Barcelona 1 - 3 Real Madrid (Fati; Valverde, Ramos, Modric). Here’s our quick reaction upon the final whistle. Still to come: Player ratings, post-game podcast, post-game quotes, and plenty more analysis.
There were a handful of questions heading into this Clasico, perhaps none more pertaining than: ‘Who would Zinedine Zidane start as Real Madrid’s wingbacks?’ Without going through the exercising of cycling all of those options more than we’ve already have in the days building up to this game, there is one point to make: No option was ideal, and every option had its risk. Without Dani Carvajal, the team loses a leader and a solid (and often underrated) two-way presence. Whoever was to take that assignment would need help dealing with Ansu Fati as well as the bombing runs of Jordi Alba (who was initially a question mark).
Nacho was the chosen one, and unfortunately for him, his night ended after just 43 minutes after being forced off with a niggle. Lucas Vazquez entered. Zidane was down to his fourth-choice right-back.
It is interesting to see how Real Madrid did with Vazquez on the field. With Nacho there, the team struggled defending the ball over top of him, and Fati enjoyed running at Nacho. (It did bring back bad flashbulb memories of the 5-1 at the Camp Nou in 2018, where Nacho also started in that role and couldn’t cope.)
Vazquez has tendencies to play like a winger when he plays at right-back, but did really well to stay in position when he entered the field. He covered well, picked Messi’s pocket when the Argentine sized him up on one sequence, and provided really good offense with cut-in dribbles, through-balls, counter-pressing, and pin-point crosses.
Defensively as a whole, Real Madrid went through a rollercoaster with plenty of dips and peaks. They did not press to start, and their defensive shape was vulnerable — but towards the end of the first half, they held possession and dialled up their counter-pressing, making it uncomfortable for Barcelona to get a foot-hold of the ball.
From Barcelona’s perspective, their first half was a mixed bag too. The pressure they put on Real Madrid coming out of the back forced Casemiro and Raphael Varane into several giveaways. They did not dominate possession, but did get the ball to Fati and Alba in good positions. Messi, as always, made his surgical runs. Pedri on the right flank was largely uninvolved, and came off in the 82nd minute — as part of a triple sub which saw Antoine Griezmann, Ousmane Dembele, and Francisco Trincao also come in.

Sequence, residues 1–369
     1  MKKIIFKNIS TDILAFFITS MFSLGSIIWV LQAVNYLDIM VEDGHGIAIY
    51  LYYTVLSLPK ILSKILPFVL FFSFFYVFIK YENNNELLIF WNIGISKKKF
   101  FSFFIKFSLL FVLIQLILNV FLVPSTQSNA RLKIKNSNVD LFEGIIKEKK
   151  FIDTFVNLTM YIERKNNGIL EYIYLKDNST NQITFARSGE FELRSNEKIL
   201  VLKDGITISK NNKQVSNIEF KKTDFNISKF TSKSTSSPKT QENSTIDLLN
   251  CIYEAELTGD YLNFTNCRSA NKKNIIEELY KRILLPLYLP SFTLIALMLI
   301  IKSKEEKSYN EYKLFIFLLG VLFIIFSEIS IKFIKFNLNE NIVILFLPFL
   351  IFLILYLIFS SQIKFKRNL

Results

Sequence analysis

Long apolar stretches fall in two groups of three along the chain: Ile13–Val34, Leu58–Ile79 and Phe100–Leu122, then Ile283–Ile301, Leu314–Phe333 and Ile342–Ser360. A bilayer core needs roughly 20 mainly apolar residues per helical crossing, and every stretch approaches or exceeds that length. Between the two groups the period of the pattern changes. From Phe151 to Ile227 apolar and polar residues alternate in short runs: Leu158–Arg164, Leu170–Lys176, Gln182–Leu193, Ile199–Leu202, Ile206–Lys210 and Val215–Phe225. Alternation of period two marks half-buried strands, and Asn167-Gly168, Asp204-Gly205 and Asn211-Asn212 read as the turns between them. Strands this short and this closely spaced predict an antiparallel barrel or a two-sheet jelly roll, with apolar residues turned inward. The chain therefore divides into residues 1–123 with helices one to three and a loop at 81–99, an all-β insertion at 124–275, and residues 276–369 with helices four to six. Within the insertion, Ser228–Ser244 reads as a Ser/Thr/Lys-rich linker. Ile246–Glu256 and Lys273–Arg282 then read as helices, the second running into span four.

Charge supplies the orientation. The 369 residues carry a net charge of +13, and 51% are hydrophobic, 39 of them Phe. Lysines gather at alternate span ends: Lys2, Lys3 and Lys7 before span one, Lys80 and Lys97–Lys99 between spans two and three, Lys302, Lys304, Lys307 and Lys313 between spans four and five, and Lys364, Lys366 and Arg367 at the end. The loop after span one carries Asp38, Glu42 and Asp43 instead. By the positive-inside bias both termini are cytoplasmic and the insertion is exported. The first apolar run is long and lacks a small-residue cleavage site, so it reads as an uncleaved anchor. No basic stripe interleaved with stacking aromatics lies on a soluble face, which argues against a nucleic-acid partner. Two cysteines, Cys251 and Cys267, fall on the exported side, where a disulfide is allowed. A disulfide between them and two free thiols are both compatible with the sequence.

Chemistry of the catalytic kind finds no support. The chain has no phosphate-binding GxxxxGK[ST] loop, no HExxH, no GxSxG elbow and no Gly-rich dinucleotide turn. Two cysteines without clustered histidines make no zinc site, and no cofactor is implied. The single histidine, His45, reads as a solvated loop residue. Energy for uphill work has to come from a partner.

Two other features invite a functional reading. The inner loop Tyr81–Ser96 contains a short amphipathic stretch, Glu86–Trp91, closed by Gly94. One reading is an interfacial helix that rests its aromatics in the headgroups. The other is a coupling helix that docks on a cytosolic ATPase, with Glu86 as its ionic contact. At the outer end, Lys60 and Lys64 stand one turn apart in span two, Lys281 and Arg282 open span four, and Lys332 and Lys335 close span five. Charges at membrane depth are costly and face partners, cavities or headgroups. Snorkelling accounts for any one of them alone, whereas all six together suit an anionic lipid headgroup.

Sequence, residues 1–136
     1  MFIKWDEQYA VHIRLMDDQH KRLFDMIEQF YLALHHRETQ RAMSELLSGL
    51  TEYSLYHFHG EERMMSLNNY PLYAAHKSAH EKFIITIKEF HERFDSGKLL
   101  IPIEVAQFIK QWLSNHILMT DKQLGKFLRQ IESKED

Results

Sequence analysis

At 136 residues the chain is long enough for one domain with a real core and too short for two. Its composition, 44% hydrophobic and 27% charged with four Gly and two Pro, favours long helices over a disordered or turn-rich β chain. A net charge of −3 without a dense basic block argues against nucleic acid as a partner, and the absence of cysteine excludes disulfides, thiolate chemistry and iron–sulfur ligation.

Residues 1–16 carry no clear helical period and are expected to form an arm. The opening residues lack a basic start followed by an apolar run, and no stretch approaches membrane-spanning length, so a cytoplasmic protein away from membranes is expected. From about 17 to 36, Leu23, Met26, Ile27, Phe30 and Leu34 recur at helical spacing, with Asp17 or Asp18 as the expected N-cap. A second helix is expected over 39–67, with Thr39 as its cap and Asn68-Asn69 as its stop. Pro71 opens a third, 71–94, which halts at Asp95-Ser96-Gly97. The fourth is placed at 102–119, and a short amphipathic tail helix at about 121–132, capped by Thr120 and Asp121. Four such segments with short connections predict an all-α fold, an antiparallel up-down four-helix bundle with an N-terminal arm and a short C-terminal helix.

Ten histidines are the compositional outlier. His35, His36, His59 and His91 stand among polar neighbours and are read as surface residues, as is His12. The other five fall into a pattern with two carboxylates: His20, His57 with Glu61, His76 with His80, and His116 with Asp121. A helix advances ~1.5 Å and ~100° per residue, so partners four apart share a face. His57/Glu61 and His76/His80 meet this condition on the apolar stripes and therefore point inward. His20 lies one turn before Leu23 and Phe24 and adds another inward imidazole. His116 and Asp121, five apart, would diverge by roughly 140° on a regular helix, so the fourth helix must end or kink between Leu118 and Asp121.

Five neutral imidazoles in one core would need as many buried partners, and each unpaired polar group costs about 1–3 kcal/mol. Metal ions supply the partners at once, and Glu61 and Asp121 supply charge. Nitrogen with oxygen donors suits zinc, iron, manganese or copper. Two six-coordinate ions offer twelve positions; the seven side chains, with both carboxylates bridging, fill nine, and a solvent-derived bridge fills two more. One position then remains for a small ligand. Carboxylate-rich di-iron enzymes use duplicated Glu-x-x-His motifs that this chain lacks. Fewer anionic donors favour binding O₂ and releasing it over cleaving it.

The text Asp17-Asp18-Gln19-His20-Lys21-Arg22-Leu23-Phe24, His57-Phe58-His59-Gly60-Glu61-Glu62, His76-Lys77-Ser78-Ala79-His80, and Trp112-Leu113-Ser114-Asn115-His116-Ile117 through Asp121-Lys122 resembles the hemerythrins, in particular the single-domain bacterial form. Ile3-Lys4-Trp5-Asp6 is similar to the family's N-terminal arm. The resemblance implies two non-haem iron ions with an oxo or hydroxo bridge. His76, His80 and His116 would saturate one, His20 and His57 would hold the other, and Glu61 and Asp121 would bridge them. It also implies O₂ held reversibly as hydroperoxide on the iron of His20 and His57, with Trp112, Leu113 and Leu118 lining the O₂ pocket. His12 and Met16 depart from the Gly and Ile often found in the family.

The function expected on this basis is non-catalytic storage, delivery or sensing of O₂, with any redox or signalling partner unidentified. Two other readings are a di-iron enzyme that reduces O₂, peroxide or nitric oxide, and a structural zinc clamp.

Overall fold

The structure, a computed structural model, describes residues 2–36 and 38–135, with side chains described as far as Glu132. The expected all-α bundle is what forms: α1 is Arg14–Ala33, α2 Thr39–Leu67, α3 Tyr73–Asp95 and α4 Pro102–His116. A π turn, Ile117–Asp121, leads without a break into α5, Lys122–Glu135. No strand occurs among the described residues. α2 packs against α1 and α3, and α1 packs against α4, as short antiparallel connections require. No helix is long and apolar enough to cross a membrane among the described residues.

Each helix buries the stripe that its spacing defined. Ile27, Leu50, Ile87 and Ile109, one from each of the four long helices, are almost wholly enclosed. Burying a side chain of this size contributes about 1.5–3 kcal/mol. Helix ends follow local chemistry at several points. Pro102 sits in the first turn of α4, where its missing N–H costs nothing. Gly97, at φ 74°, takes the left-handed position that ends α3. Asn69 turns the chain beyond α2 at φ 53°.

Offensively, Real Madrid got forward when they could. You could argue they should’ve done more. Marco Asensio was a passenger for the majority of the first half, until the 36th minute where he made his first surgical run with the ball in transition and broke Barcelona. Before half-time he had another good offensive run. Real Madrid needed that from him sooner, though they did eventually get him to wake up. Vinicius on the opposite flank moved well off the ball and got on the end of a couple great chances (one point blank that should’ve made it 2-0 within the first few minutes). Vinicius’s passing in transition was poor in the second half, it should be noted.
Toni Kroos’s distribution and ability to deal with pressure, along with the movement of Fede Valverde and Karim Benzema, was integral in Real Madrid’s ball progression on almost every attacking sequence.
These are the two goals that made it 1 - 1 after eight minutes:
The second half was a whirlwind, capping a really great entertaining Clasico. Barcelona started stronger and had more of the ball, but Real Madrid rode the wave and started to influence themselves with great chances in transition. Sergio Ramos scored a penalty and Luka Modric sealed the game late:
Goal! @FCBarcelona 1@realmadrid 3— beIN SPORTS (@beINSPORTS_EN) October 24, 2020
Cool, calm and collected! Plenty of composure from Luka Modrić to hand Real Madrid a 3-1 lead!
Watch - https://t.co/hkoevnV6B4#beINLiga #beINCLÁSICO HD11 pic.twitter.com/alhL8aeZhI
A much needed win over Barcelona makes for a great Saturday. Enjoy the weekend, and enjoy the podcast tonight — we have a big one planned.